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Better Data Conversions: 4 Easy Steps

By Raleigh deShazo

Whether it’s a merger, acquisition or new software platform, the project work stream which poses the most risk to a successful implementation is data conversion. Conversions from legacy systems to new state-of-the-art database driven platforms have high failure rates for a variety of reasons, but mainly because source system data is rarely well documented, source system data quality is aged and unreliable, and the complexity of the effort is underappreciated, all leading to unreasonable delivery timelines and expectations.

Adding to the frustration is the fact that almost every other work stream – interfaces, workflows, queues, functional configuration, reporting – require a sufficient level of quality data not only to begin unit and user acceptance testing, but to complete full integration and End to End testing. Project coordination and delivery proves difficult if you have no confidence in when your data conversion will be in a ready state. Your project reflects a tumbleweed being blown back and forth by the wind.

Here are four easy to manage steps which can be taken to improve the likelihood of data conversion success and minimize negative downstream impacts:

1. Assign SMEs who understand your source data fields and can accurately document the following:

  • Data and fields needed to meet functional requirements.
  • Data and fields needed for operational and management reporting.
  • Data and fields needed for interfaces and integration points.
  • Data and fields needed for workflows and queuing.
  • Data and fields that do not need to be migrated to the new platform.

2. Create a data mapping bible. This document should include the following:
  • Every source system data field to be converted to the new platform.
  • The configuration element, interface, report or workflow associated with each data field.
  • The new system field mapping.
  • Once your mapping bible is ready, schedule a review with your line of business to get confirmation that mapping is as expected and nothing of value has been omitted.
  • You are now ready to begin data conversion coding.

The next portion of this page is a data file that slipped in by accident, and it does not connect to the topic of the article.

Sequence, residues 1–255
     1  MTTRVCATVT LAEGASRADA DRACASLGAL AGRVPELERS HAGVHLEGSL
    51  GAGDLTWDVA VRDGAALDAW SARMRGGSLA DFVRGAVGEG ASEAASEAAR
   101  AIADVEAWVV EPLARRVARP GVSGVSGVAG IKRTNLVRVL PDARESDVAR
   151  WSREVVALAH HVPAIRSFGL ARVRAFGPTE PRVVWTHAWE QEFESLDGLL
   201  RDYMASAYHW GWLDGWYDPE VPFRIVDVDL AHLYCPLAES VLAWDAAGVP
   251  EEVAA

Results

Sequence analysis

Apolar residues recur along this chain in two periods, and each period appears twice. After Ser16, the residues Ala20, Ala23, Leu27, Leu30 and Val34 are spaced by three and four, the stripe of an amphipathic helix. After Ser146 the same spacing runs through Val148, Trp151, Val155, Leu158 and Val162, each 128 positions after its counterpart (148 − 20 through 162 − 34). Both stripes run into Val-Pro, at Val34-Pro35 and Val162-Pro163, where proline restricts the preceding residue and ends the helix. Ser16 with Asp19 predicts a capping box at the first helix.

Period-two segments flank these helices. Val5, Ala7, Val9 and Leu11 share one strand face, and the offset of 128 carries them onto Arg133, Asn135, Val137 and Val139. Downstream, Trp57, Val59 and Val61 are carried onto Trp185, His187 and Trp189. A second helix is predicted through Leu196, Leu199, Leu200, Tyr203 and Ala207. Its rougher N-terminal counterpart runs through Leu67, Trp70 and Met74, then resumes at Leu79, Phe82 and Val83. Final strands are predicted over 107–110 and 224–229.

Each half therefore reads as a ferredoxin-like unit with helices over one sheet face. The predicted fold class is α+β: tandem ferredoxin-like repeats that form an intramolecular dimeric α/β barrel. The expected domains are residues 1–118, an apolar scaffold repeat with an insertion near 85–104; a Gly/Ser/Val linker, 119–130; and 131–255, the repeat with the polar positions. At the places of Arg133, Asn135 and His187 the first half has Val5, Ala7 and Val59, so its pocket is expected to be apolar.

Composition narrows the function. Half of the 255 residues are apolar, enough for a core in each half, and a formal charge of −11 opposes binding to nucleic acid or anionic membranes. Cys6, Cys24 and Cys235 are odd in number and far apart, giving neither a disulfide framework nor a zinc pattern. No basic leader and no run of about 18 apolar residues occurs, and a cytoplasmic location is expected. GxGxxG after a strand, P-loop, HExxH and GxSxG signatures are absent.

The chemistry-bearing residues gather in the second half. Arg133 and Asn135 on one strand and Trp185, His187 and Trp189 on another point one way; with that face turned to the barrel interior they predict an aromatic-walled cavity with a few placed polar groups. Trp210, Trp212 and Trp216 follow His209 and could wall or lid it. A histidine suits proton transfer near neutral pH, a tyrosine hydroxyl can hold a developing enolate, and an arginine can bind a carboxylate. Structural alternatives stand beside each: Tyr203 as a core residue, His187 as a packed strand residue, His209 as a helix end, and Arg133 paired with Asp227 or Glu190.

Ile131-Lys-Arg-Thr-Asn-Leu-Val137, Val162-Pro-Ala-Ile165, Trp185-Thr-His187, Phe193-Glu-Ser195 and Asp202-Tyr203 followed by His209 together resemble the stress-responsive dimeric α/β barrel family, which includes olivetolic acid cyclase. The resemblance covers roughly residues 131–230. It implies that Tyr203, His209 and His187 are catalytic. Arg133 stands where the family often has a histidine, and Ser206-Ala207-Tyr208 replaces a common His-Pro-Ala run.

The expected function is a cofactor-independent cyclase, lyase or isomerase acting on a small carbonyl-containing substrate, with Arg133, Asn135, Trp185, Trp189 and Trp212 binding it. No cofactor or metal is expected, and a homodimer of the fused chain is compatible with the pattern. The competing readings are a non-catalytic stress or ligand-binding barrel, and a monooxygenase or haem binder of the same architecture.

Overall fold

3. Do not migrate any data that you don’t need. If you don’t have to board it onto the new system, don’t do it. Old data and closed accounts can prove to be difficult and costly to board correctly onto new systems as they almost always involve too many edge cases. Typically, seven years of history is sufficient. Seek other alternatives for maintaining aged and closed accounts, or migrate those accounts during a post-production, Phase 2 approach.

4. Implement a phased data conversion strategy. Start with a small subset of active accounts, approximately 20% of your accounts, but covering all aspects of your portfolio. The goal is to perfect the conversion code as quickly as possible. Starting with a smaller subset will help you identify and remediate defects more quickly through an increased number of conversion and testing cycles. The resulting code and mapping updates will resolve issues across the entire conversion portfolio. When data quality reaches an acceptable level, continue the process by adding additional subsets of active accounts. Once active accounts achieve pre-determined and acceptable data quality levels, then and only then, begin boarding closed accounts.

In most instances, testing for most, if not all, other work streams can begin once data quality standards are achieved with the initial subset. As more accurate data is available, provide it to your test and development teams to enhance their testing scenarios.

In summary, detailed source system documentation and a phased data migration approach will improve your data conversion and project experience.